Nan Madol: 14,000-Year-Old High-Tech Mysterious City In Middle Of The Pacific Ocean?
Nan Madol, which is located near the southern side of the Federated States of Micronesia, is the only A̳n̳c̳i̳e̳n̳t̳ city ever built atop a coral reef. In 2016, UNESCO declared it a World Heritage Site. The mighty ruins of this enigmatic place, which is a little smaller than New York City, set apart between the main island of Pohnpei and Temwen Island. The ruins of Nan Madol go back to the remote past, but its prehistoric layout has not been dated and the origin of its builders is unknown.
Constructed in a lagoon and surrounded by water on three sides with a stone wall enclosing the complex, the city is often referred to as the “Venice of the Pacific.” Built from 250 million tons of volcanic rock, could the local legends be true that strange visitors floated the massive rocks through the air? The weight of the huge rocks varies between 5 to 40 tons.
When the first European explorers arrived in the city in the 1800s, they were surprised to the point that they considered the mighty ruins the eighth wonder of the world. The megalithic buildings are still standing, even though their foundations are underwater.
Unfortunately, the ruins do not have any artistic elements or petroglyphs to help determine when it was built. Nor can it be established which c̳i̳v̳i̳l̳i̳z̳a̳t̳i̳o̳n̳ inhabited it. On this point, there are several discrepancies among experts. Differences that made Nan Madol an unsolved mystery.
For the mainstream researchers, Nan Madol was built in the 2nd century AD. But it is possible that this date only corresponds to the oldest human remains found on the island, and not to the construction. There is evidence to support this theory. A striking fact is that the foundations of Nan Madol are submerged.
How could they start construction with such large and heavy rocks underwater at that time? This detail suggests that Nan Madol was above sea level at first and then sank. But this approach is not supported by geologists.
Pohnpei Island was never affected by a phenomenon that has sunk it, as it happened with other cities. So how did it stay underwater? So far, there are 2 theories; the first is based on logical scientific arguments related to rising ocean waters. The other one is attributed to an A̳n̳c̳i̳e̳n̳t̳ legend.
According to historians and geologists, the last large-scale deglaciation occurred 14,000 years ago. The ice that covered much of the Earth melted, leading to a rise of the Pacific ocean of up to 100 meters. Therefore, the construction is located 14,000 years ago, although this theory is not accepted by the main researchers of Nan Madol.
Investigations made by divers allowed researchers to observe that there are remains of the city undersea. Not only parts of old roads, but there are also avenues and cemeteries that were part of the islets.
But this leads to other questions. How were more than 100,000 metric tons of basalt rock moved to the island? There is a legend about twin sorcerers named Olisihpa and Olosohpa. This accounts that they came from a mythical place called “Western Katau,” arriving by canoe to Nan Madol.
When they settled down, they began to build an altar to worship the god of agriculture “Nahnisohn Sahpw.” The legend claims that they used magical powers to control a flying dragon, causing the huge stones to levitate onto the island. After Olishpa’s de̳a̳t̳h̳, the first representative of the Saudeleur dynasty would settle the island through Oloshohpa.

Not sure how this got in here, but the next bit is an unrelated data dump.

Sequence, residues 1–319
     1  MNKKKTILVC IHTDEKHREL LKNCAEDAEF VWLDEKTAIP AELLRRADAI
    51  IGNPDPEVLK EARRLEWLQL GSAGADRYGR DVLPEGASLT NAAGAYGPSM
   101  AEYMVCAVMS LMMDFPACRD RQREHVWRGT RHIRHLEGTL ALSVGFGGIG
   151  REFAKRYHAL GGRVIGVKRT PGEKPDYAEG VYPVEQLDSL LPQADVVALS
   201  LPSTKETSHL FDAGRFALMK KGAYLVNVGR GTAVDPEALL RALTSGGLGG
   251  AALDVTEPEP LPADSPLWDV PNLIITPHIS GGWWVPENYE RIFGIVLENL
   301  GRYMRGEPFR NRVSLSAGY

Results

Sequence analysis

Intellgent Beings Behind Nan Madol?
Nan Madol’s 92 islands were linked by canals and stone walls. Nan Madol is made of magnetic rock, which is another mysterious aspect of the old city. When a compass is brought close to the rock, it goes crazy. Does the rock’s magnetism have anything to do with Nan Madol’s transportation methods?
Giorgio Tsoukalos and David Childress explore the mysterious chain of manmade islets in Micronesia’s Nan Madol.
David Childress is convinced after 30 years of research that Nan Madol was built by e̳x̳t̳r̳a̳t̳e̳r̳r̳e̳s̳t̳r̳i̳a̳l̳s and that the electromagnetic properties of basalt rock made their levitation possible. Nan Madol was probably built 11,000 to 20,000 years ago, when ocean levels were much lower.
The A̳n̳c̳i̳e̳n̳t̳ underwater structures imply the existence of an earlier epoch of Nan Madol that was part of a greater culture throughout the Pacific. Other megalithic sites in the Pacific and Mexico indicate an A̳n̳c̳i̳e̳n̳t̳ lost c̳i̳v̳i̳l̳i̳z̳a̳t̳i̳o̳n̳ in the Pacific. The engineering knowledge at Nan Madol appears to have come from e̳x̳t̳r̳a̳t̳e̳r̳r̳e̳s̳t̳r̳i̳a̳l̳s and is one of the few sites that defies logic. The megalithic structures of Nan Madol provide evidence of an a̳l̳i̳e̳n̳ presence on Earth for tens of thousands of years in the past.
Nan Madol: Lost city of Mu Lemuria?
Alternative researchers consider that the ruins of Nan Madol could be part of lost continents such as Mu and Lemuria, as noted in the book “The Lost Continent of Mu, Motherland of Man” published in 1926 by James Churchward.
David H. Childress, a researcher and writer, also stated that it could be connected to Lemuria. Bill S. Ballinger theorized in his 1978 book, “Lost City of Stones,” that Nan Madol was built by Greek sailors in 30 BC.
The locals call it “the Atlantis of the Pacific,” since old stories from nearby towns tell that it hides another mysterious city under the sea, which emits lights from time to time.